Contrary to popular support-letter etiquette, blasting out newsletters asking for funding from your entire mailing list might be causing more harm than good.
One of the most common questions we get from our clients is, how many fundraising letters can I send out at one time?
To answer that question, we first have to look at your pool of contacts.
Let’s say there are 400 people on your mailing list. In order to fundraise in a way that builds deep relationships and long-lasting partnerships, you will want to call everyone you send a letter (email or message) to within two days of them receiving that letter.
So, calling 400 people in two days may not be the most reasonable option…
The purpose of your letter isn’t to get someone to give. The purpose of your letter is not to get money. The purpose of your letter is to get people excited about what you are doing and to let them know that you are going to call them to see if they want to meet and talk more about a future partnership.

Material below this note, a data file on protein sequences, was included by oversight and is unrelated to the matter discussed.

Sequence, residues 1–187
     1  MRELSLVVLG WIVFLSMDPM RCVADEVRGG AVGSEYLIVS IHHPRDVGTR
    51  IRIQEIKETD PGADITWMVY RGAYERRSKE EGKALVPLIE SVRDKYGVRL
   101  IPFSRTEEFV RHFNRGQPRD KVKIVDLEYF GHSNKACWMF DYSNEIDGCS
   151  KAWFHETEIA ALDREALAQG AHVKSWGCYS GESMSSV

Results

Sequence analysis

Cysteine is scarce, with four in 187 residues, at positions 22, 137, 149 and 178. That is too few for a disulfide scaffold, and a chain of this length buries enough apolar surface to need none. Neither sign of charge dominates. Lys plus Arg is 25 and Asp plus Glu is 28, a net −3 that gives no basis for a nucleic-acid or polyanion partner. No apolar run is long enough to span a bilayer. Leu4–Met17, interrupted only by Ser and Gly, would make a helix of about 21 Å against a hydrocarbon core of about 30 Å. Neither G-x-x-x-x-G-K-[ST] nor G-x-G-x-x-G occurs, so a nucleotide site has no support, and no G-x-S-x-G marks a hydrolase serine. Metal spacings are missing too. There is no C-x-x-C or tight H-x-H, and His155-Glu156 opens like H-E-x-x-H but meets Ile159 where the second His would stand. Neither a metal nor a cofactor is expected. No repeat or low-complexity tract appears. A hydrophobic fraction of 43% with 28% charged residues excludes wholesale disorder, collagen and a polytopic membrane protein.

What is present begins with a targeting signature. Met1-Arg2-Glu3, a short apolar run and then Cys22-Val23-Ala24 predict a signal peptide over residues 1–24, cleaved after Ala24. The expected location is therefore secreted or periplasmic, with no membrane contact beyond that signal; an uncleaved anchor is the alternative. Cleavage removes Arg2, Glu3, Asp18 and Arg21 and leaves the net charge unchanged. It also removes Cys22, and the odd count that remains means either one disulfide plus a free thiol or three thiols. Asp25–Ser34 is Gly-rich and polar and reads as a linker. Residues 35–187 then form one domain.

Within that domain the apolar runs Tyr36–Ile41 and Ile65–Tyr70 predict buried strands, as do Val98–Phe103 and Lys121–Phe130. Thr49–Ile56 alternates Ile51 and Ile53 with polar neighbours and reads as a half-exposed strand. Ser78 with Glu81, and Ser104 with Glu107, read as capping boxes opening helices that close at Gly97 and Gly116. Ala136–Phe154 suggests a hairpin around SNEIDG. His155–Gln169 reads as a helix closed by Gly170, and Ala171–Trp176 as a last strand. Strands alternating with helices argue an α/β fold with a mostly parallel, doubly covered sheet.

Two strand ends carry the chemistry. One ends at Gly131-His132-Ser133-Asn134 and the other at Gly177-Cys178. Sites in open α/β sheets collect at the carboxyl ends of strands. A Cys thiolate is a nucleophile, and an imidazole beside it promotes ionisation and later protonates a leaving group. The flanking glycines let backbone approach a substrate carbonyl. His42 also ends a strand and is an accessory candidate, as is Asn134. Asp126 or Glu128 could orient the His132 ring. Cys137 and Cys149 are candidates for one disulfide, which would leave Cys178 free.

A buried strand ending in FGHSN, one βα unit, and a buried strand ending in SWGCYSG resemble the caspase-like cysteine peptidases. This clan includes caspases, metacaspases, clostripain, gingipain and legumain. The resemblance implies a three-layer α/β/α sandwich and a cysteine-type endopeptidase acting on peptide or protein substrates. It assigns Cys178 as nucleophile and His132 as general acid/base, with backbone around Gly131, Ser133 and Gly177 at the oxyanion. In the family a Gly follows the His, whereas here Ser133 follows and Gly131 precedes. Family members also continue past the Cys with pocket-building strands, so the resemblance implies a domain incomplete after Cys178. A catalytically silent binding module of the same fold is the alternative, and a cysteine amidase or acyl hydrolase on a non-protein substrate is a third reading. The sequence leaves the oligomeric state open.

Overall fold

So, before we can answer the question, “How many letters can I send out?” we need to be able to answer this one: How many phone calls can you make in a week?
Let’s put this into perspective. If you send out 10 letters, you'll need to make 10 phone calls in two days. Then, plan to make more phone calls two days later for those who didn't answer the first time. Then, guess what? Plan to make a third phone call, after two more days, to those who didn't answer the first two times.
So, how many letters can you send out?
I’d say, for most people, it would be: 10-15 letters
Any more than that will probably be more than most can handle.
If you send any more than 10-15 letters, you won’t have the time to invest in cultivating those donor relationships (and maintaining authentic donor relationships is the key to successful fundraising).
Follow up phone calls are just as important (if not more important) than the initial letter itself. If there is no follow-up, individuals will skim over the letter and will have forgotten about it by the end of the day (if not by the end of their lunch break).
The less is more approach will ensure that you care more about your donor than you care about them giving. And that approach will always result in a more generous response, and a long-term, committed partnership.